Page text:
The Generosity of the Ethiopian People
Getting around Addis can be quite a hassle. Public transportation is provided by hundreds of ‘mini-buses’ that are actually secondhand Toyota vans from Europe. While it’s cheap, it’s certainly not the most efficient method. All summer I’ve been scheming and brainstorming different methods of transportation. Unfortunately, the tax on cars is something like 240%, meaning a twenty year old Land Cruiser runs you about $20,000 USD. Not exactly within my budget. Donkeys are readily available and cheap, about $60-80 USD, but they are a little undersized. Bicycles are expensive, approximately $120 USD, and you are limited to the city, unless you are Lance Armstrong. Bajas, three wheeled golf-cart like taxis, are one of my favorite means of transport, but they are too expensive unless you plan to use it as a taxi, roughly $4,000-5,000 USD.
That left one option: a motorcycle. My top two choices, Yamaha or Suzuki (also the most popular models in Addis) where both too expensive. You can always count on the Chinese for an affordable option though, and that’s exactly what I went with: a Loncin 125. I know, it’s a small engine; give me a break, it’s all I can afford.
The other day I was humming along, on my way to the gym when the bike started sputtering and then ran out of gas. Luckily, I was going downhill, so I coasted to the bottom where I knew a gas station to be. I pushed the bike into the station only to find it was a diesel station.
Time to push it back up the hill, to a Shell station about a half-mile away. Ethiopians are some of the most willing people when it comes to helping a commuter in distress; two guys immediately helped me push it up the hill. This was not because I was a ‘ferenge’ (foreigner). I have, on numerous occasions, witnessed people help push broken down cars and buses.
After reaching the Shell station I gave the guys a few birr for their help and then asked for a fill-up. ‘Sorry, petrol yellem (out of gas).’ A gas station out of gas, fantastic I thought; time to walk home and leave the bike. I parked my bike in the corner of the lot and started walking but was immediately called to the gas station café by an Ethiopian who was having a beer with his buddies. His English was near perfect and, to my surprise he asked me if I would like to borrow his car and jerry-can to fetch some gas. I was about to accept, and then decided I did not want to take the risk of a fender bender in someone else’s care.
Tsefay, my new friend’s name, was as polite as he could be. Rather than simply wishing me well when I declined, he asked the gas attendant to suck a liter out of his car and put it in my bike. Wow, what I guy I’m thinking. He then asks, ‘What’ll you take?’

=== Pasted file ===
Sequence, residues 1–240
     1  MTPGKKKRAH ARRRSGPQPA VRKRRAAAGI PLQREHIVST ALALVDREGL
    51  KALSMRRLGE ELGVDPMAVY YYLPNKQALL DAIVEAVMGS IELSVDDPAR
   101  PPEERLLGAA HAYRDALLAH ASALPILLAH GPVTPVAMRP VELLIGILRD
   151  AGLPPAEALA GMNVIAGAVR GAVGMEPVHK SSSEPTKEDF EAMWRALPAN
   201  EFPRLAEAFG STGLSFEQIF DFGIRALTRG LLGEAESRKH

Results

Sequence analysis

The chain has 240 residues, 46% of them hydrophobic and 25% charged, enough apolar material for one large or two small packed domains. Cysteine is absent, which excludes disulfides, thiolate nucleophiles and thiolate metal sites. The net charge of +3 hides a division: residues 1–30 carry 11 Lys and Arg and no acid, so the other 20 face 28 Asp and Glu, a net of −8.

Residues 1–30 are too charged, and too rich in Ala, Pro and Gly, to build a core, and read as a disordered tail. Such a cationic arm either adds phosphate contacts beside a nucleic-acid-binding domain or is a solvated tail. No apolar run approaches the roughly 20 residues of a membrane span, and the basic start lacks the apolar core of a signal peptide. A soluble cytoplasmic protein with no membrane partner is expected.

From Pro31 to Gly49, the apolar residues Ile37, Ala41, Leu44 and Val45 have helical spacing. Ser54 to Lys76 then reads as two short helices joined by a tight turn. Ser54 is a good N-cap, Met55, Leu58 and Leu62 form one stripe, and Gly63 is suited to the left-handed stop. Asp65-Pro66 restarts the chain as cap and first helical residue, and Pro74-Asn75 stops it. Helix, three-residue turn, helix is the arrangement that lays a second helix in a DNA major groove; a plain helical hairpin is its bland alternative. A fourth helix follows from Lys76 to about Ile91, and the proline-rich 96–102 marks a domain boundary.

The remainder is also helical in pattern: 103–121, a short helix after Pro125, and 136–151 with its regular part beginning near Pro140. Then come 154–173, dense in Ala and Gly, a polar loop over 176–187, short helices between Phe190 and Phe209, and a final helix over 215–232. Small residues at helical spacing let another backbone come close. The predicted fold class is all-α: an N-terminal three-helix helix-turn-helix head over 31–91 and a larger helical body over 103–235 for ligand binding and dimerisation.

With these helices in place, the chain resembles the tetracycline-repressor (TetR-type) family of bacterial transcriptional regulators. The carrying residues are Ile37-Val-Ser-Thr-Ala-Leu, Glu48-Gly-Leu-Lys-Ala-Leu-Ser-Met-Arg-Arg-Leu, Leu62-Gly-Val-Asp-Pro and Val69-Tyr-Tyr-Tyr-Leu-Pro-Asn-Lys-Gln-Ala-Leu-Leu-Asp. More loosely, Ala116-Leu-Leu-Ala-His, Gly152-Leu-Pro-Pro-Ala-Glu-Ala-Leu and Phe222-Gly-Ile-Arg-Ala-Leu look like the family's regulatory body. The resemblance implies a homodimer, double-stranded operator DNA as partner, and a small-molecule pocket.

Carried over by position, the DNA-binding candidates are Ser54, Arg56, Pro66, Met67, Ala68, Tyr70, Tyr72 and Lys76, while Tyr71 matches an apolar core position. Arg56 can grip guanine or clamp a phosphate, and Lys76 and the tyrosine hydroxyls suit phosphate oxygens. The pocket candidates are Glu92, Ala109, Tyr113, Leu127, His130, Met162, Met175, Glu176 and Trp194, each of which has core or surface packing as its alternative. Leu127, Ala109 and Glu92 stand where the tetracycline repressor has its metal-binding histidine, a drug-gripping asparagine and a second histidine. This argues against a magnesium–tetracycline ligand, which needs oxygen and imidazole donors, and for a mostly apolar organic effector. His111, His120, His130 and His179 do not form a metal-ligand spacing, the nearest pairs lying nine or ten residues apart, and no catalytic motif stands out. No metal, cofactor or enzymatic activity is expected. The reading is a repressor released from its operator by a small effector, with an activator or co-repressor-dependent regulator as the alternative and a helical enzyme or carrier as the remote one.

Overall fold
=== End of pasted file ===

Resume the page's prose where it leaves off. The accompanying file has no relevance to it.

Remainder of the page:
‘Giorgis, of course,’ I said as I ordered the local beer. While we enjoyed our beer, along with a host of his friends, he told me he learned a lot from US soldiers stationed in Ethiopia when he was kid. The two main takeaways being spoken English and beer drinking. At least you are still doing both well, I thought to myself. I also learned that he had had a bike for over twenty years, and knew what it was like to be stranded. As we talked, one of his friends slipped out and told the attendant to transfer 3 liters of gas, rather than the initially ordered one liter.
When I saw what was going on, I worried Tsefay would get mad and take it out on me. I immediately offered to pay the difference, but he laughed it off and said he’d get his friends back. I finished my beer and told them I had to be on my way. Before leaving I bought them all a round and thanked them for their generosity. As I jumped on my bike however, I had a hard time getting it started. Tsefay came out, visibly concerned that the beer had affected my judgment.
“Are you OK with the beer?”
“Yes, I’m fine with the beer, I have experience.”
“Doesn’t look like it, are you sure the beer is OK with you?”
“Yes! I just need to get this bike started. The bike’s not OK with me.”
Eventually, we got it started, but Tsefay would not let me leave without promising to call him when I arrived at my destination. I was afraid he may not even let me go, he was so worried. I called him upon reaching the gym. He was thrilled and relieved that I had reached my destination safely.
I’m from the South, as the southeastern part of the US is referred to, and we like to pride ourselves on hospitality. I am not sure, however, that even in the South a perfect stranger would receive the type of generosity and hospitality that Tsefay showed me. The Ethiopian people are truly some of the most generous, hospitable people I have met.
Addis Ababa, Ethiopia